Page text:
Pellissippi State Community College hosts local and regional artists Soon Ee Ngoh, Denise Stewart-Sanabria, and David Underwood in an upcoming exhibit in January and February.
“Represent: Explorations in Realism, Image and Illusion” is on display Jan. 19-Feb. 5 in the Bagwell Center for Media and Art, 10915 Hardin Valley Road. A reception to meet the artists takes place 3-5 p.m., Jan. 19.
The exhibit is free. Gallery hours are 10 a.m.-6:30 p.m., Monday through Friday.
The exhibit takes a look at the meaning and use of realism and representation in two-dimensional art. The participating artists’ different approaches include photography, observation, and realism as a springboard for conveying different moods, meanings, and concepts.
“Represent” studies mimesis, or the imitation of nature, as a doorway into thoughts on the modern condition, the nature of representation, the fallibility of perception and human nature, among other themes.
The exhibit is part of The Arts at Pellissippi State, which brings to the community cultural activities ranging from music and theatre to international celebrations, lectures, and the fine arts. For more information, visit www.pstcc.edu/arts or call (865) 694-6400.
Download this press release: Represent Exhibit
Ten employees of Y-12 National Security Complex have completed the classroom training at Pellissippi State Community College as part of the first class of an apprenticeship program that grows talent from within Y-12.
The students — Rachel Bachorek, Jason Brown, Jeff Bryant, John Bryant, Justin Dupas, Rashaad Gibbs, Brice Graham, Rachel Henley, Ryan Johnson, and Michael Lovelady — received classroom instruction and hands-on training at Pellissippi State on topics related to working in an advanced technological workplace.
The completion ceremony was at Marble Springs, the historic home of Governor John Sevier. The apprentices built and donated a lawnmower and informational kiosk to the site.
“Our apprenticeship program has been a big investment at CNS Y-12,” said Beth Green, senior staff to the director of infrastructure, at the ceremony. “We wanted to make an investment in growing our employees into journeyman-level positions, and I’m proud to see the results in the work on these projects.”
The apprenticeship program is a four-year investment: the apprentices still must complete the remainder of their fourth year of actual on the job learning at Y-12 in order to finish.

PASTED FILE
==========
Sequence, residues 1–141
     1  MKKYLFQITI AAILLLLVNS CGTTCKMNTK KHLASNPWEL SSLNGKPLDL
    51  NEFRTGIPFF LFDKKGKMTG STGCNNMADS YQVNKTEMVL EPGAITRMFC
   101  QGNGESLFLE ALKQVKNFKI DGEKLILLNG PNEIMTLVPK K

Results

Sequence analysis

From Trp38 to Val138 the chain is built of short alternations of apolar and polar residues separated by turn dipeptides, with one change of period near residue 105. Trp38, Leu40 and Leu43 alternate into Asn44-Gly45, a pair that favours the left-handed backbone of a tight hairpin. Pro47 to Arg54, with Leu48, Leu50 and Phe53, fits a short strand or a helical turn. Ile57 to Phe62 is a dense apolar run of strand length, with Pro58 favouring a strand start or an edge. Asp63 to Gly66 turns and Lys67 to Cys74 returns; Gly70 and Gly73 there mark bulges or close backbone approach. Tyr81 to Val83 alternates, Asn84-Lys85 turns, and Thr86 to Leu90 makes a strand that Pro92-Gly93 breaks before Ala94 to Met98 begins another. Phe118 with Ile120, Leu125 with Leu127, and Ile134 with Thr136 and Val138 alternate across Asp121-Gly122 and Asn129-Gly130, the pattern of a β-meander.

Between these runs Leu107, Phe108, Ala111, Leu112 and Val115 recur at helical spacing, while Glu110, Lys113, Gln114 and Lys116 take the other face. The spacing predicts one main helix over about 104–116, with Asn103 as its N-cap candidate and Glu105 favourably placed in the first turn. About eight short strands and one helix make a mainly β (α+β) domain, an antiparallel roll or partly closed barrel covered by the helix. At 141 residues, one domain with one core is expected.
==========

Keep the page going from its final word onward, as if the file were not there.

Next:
“It’s the end of one phase and the beginning of the next,” said Lovelady. “We’ll finish up this year, and once that is done we’ll be journeyman machinists.”
The program allows students the opportunity to earn substantial credit hours toward an Associate of Applied Science degree, plus the opportunity to finish additional coursework, including 15 credit hours of general education courses required to complete an Engineering Technology degree, with a concentration of the student’s choice.
“You’re giving yourself the best opportunity to grow in the company,” Lovelady said of those who participate.
“Anything in life is worth working for,” said Bachorek. “I’m setting a grand example for my daughter. Once you have your education, no one can take that away from you.”
The participants also make up the first class of International Association of Machinists and Aerospace Workers union apprentices at Y-12. The partnership between the college, Y-12 and the union makes training more convenient and affordable.
Pellissippi State’s Engineering Technology faculty and Business and Community Services Division developed the curriculum for the program. BCS works with employers to create customized training and development solutions. For more information, visit www.pstcc.edu/bcs or call (865) 539-7167.
For more about Pellissippi State, visit www.pstcc.edu or call (865) 694-6400.
Download this press release: Y12 Apprentice Program